Recently I’ve been experimenting with many different types of strings to find the right combination for my Ramirez 2CWE nylon string electric cutaway guitar. As a jazz player my technique on the nylon strings tends to produce squeaks on the wound basses.
Since discovering that Savarez offers semi-polished basses & D’Addario carries a recording set, I’ve spent several months working with different combinations & here’s what I’ve found.
Savarez Basses: Available in Sets of (3).
Pros: They feel & sound good.
They are only offered in normal tension so if you tend to “dig in” a bit & play more aggressively buzzing results.
Pricing: $35.00 for 3 strings, Ouch!
Durability: They wear out quickly. The basses start to fray in about half the time of a normal Savarez set. Changing nylon strings is an ordeal for me. It takes at least a week for the strings to settle in so I only get 3 weeks of quality playing time per Savarez set before they start to unravel.
I first learned about these strings from George Santos at D’Addario. I’ve been using D’Addario Chromes on my L-5 for some time with great results & George asked if I would try these out. I’m so glad that I did!
Pros: They sound good but a bit brighter than the Savarez. I prefer a warmer tone; a little EQ adjustment did the trick.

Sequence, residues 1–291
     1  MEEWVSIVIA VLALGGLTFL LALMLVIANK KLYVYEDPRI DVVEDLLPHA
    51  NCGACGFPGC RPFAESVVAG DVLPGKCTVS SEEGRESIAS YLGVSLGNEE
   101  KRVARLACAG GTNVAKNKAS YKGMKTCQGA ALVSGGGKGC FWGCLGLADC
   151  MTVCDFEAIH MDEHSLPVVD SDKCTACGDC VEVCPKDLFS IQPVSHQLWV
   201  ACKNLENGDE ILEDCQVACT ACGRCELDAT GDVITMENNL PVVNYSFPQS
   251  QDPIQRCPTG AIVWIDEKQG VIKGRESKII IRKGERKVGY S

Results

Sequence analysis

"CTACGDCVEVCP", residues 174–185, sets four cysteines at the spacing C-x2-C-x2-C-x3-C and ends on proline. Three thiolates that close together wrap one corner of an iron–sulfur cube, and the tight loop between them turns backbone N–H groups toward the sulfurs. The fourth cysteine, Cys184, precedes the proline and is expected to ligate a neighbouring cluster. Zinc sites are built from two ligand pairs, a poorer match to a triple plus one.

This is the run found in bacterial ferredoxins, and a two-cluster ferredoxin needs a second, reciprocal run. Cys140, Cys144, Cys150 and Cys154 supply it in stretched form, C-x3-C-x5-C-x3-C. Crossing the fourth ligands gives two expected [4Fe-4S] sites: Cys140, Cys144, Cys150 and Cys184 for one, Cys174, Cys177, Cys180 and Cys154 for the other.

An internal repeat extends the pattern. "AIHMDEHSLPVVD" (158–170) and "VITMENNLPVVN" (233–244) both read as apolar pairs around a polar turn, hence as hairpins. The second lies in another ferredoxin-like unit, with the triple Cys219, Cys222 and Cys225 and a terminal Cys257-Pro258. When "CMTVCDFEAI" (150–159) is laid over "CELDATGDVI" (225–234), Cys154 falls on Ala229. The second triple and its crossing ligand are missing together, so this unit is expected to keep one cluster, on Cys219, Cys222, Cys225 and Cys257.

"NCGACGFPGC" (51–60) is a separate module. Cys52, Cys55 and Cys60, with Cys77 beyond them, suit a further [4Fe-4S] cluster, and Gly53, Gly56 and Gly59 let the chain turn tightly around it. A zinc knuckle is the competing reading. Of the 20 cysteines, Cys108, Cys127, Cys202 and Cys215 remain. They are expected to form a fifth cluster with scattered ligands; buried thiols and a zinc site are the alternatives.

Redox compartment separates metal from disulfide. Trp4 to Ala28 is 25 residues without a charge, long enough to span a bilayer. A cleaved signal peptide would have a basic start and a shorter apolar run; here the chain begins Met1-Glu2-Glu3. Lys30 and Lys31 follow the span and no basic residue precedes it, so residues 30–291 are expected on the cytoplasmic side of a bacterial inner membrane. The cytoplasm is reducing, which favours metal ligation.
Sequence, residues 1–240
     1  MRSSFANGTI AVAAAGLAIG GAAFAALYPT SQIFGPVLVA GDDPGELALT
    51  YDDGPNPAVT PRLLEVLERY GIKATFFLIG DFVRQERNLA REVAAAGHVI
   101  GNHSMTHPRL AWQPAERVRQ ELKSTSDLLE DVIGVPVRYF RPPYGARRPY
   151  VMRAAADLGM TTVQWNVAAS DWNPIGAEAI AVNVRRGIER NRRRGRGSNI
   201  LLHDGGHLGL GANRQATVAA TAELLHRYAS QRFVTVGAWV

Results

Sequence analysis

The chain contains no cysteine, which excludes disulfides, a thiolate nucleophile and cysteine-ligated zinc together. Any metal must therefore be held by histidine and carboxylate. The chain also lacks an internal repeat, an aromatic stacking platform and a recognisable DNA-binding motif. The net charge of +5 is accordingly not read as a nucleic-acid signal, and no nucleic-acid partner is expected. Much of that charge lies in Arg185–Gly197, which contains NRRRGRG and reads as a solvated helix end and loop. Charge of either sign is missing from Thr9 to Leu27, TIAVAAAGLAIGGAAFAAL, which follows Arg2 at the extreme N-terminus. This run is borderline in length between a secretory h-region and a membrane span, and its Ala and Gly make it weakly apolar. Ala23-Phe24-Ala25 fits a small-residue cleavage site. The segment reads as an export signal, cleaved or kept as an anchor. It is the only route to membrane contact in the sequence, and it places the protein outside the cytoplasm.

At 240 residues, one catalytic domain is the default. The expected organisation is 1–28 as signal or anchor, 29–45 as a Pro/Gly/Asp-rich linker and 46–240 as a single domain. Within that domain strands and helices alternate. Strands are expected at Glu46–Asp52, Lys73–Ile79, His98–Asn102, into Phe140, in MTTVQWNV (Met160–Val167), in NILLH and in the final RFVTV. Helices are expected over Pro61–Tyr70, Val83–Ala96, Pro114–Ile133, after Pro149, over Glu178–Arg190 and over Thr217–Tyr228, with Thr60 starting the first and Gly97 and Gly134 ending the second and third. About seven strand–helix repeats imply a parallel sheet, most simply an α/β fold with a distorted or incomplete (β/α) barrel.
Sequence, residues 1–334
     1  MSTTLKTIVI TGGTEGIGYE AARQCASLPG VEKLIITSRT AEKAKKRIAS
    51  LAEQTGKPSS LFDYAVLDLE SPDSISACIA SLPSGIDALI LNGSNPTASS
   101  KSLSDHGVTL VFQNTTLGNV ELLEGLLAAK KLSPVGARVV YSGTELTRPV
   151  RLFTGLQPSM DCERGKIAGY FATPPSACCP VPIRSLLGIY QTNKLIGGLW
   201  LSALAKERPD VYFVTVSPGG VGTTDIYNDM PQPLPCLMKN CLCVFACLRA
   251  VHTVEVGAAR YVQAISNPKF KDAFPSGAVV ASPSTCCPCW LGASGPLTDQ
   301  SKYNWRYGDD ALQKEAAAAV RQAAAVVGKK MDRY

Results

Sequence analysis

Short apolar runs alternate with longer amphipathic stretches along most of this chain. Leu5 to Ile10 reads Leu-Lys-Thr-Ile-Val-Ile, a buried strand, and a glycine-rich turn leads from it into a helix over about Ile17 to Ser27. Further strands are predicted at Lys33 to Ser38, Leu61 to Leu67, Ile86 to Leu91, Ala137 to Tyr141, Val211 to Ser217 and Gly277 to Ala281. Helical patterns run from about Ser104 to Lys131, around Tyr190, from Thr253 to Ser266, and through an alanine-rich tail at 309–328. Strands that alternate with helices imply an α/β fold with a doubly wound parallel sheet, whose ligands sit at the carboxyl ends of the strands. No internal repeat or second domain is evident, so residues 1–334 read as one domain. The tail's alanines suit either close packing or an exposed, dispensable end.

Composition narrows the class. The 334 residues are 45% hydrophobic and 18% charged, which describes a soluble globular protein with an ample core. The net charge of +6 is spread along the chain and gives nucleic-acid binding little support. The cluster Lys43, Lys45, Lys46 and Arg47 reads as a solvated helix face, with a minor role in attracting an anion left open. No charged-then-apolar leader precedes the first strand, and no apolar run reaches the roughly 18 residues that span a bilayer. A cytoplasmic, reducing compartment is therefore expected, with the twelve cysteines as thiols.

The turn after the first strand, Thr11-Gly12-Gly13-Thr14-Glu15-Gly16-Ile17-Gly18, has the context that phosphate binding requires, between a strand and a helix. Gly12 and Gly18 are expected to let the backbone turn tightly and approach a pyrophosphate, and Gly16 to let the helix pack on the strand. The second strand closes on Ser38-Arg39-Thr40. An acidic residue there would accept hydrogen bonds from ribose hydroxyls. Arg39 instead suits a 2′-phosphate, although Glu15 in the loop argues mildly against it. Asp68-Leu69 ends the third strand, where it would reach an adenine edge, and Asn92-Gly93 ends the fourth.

Pricing: About $18.00 for a full set.
Durability: I gig with my Ramirez several times a week in all sorts of environments. I put the EJ51 set on in March & am beginning to feel guilty that I haven’t changed them yet.
(7 months & counting!)
Tension: Hard tension, a real plus for me.
Enter San Diego Luthier Len Laviolette. (Check out some earlier posts to see examples of Len’s great instruments) Lately, Len has been installing the Savarez Alliance 541J, 542J, & 543J Carbon trebles on all of his custom built instruments. He uses the traditional D’Addario basses exclusively. Len mentioned that the folks at D’Addario are also developing Carbon trebles that should be available soon.
When I installed the Carbon Trebles it transformed the feel of my Ramirez. I tried to look up the actual tension of the Savarez trebles on their website but it doesn’t appear to be listed. I’m guessing that it’s slightly higher than the stock D’Addario trebles.
I’ve always been challenged by a certain amount of looseness / buzzing with the Ramirez but it’s dialed in now. The carbon strings are a bit warmer in tone & smaller in diameter as well. I’m extremely pleased with the hybrid set.
In conclusion, try out the D’Addario Pro-Arte’ EJ51 Recording Strings. I’m sure you’ll be pleased. If pricing isn’t important & you don’t mind the hassle of changing strings frequently try the Savarez as well.
I’ll be using the D’Addario Recording Basses & the Savarez Carbon trebles on my Ramirez & loving life.